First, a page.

A few of my colleagues claim that model predictions of future warming are excessive. They have no calculations to back this up, and in my view their claims have no valid scientific foundation—though they can’t be proven wrong per se.
Past contrarians whose ideas were initially rejected but turned out to be right, like Alfred Wegener (the discoverer of plate tectonics), typically had a new theory that explained data better than the prevailing wisdom. They were often outsiders. Their new theories made the reigning scientific “chiefs” look bad and challenged deeply ingrained notions, so only when the chiefs died off did the new theory enter the mainstream. That description does not fit today’s climate “contrarians”: they have no new theory, but only criticize well-tested existing theory (and win lots of attention). Support for their views has steadily eroded (in the 1960’s most scientists were skeptical about global warming) and is essentially nonexistent among the youngest generation of scientists.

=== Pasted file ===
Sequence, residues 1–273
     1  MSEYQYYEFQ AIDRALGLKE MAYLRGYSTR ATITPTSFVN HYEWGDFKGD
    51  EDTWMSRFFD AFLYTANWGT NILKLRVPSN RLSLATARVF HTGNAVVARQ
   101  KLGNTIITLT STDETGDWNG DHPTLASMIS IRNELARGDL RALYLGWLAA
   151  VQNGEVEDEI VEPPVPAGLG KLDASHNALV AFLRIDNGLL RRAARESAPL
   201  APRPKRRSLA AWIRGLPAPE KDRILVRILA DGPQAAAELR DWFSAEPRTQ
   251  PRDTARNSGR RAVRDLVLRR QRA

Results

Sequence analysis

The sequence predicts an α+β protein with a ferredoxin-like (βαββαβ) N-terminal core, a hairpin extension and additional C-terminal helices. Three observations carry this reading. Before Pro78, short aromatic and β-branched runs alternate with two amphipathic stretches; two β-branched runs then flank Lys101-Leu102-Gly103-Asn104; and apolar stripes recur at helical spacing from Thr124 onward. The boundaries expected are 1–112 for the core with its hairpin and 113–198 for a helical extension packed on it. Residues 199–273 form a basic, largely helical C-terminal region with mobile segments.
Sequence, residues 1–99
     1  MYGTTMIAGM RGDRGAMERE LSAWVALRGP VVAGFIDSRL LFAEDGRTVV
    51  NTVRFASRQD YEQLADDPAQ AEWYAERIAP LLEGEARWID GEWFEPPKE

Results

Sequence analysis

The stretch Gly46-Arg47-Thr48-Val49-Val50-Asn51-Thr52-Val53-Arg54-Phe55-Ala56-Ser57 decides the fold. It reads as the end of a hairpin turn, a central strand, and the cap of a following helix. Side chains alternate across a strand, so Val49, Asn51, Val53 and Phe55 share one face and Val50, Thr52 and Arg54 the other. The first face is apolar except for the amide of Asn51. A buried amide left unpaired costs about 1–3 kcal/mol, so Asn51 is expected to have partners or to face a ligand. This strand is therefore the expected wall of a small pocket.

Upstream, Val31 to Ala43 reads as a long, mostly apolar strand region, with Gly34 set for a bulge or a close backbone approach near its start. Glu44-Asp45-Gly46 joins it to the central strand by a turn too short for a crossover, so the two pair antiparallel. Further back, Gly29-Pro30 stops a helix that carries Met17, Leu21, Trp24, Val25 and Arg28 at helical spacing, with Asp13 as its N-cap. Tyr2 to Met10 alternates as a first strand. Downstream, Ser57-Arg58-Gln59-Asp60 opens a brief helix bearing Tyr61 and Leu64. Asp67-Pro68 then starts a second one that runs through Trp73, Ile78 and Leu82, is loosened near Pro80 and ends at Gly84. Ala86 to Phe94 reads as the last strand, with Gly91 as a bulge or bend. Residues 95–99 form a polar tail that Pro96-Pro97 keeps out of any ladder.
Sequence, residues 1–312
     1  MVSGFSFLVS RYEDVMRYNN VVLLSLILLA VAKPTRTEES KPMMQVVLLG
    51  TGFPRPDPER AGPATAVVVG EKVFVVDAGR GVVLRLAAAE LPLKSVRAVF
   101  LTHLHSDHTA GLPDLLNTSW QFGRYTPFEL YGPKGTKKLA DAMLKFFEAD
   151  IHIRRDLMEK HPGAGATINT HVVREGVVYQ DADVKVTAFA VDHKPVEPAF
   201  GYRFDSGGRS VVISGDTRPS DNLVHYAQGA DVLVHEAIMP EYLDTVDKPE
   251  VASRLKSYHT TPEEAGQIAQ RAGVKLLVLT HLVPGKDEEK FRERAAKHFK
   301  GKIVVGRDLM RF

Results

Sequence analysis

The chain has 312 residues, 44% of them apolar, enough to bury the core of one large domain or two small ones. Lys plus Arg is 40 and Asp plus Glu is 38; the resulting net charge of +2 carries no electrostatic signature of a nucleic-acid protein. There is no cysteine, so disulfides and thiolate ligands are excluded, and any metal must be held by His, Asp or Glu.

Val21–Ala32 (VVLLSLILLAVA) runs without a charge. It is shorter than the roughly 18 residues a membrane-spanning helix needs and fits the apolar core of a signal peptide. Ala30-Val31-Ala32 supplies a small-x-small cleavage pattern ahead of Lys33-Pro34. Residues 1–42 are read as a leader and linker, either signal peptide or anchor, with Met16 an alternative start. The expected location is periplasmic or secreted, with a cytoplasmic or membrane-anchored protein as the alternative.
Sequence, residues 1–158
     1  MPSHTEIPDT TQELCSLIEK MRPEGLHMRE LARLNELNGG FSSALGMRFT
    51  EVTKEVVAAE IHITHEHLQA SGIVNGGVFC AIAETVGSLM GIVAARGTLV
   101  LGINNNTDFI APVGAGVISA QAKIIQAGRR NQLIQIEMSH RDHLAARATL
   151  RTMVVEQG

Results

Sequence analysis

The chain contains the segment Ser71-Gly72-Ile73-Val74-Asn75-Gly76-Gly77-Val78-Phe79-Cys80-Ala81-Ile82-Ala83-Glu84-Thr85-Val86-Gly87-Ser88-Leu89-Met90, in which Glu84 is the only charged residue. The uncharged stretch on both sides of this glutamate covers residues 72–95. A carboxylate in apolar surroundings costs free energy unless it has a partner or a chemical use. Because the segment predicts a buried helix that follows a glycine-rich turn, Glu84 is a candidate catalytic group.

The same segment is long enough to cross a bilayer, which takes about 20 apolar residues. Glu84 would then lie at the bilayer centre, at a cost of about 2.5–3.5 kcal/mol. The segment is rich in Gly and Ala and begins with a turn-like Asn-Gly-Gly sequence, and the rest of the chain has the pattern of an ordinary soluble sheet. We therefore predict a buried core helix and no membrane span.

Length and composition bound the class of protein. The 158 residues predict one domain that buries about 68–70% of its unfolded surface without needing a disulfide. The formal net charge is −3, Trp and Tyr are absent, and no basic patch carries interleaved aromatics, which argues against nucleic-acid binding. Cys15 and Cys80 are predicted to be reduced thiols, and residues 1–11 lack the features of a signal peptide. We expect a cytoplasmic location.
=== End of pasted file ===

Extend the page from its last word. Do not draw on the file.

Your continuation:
source Yale: Prof Sherwood’s FAQ
Inkstain: Consensus Science
Coby Beck: Not Galileo
Yale: Prof Sherwood’s FAQ
Much more on the modern scientific method and the importance of peer review can be found here:
Example of empirical falsifiability: The proposition ‘all swans are white’ would be falsified by observing a black swan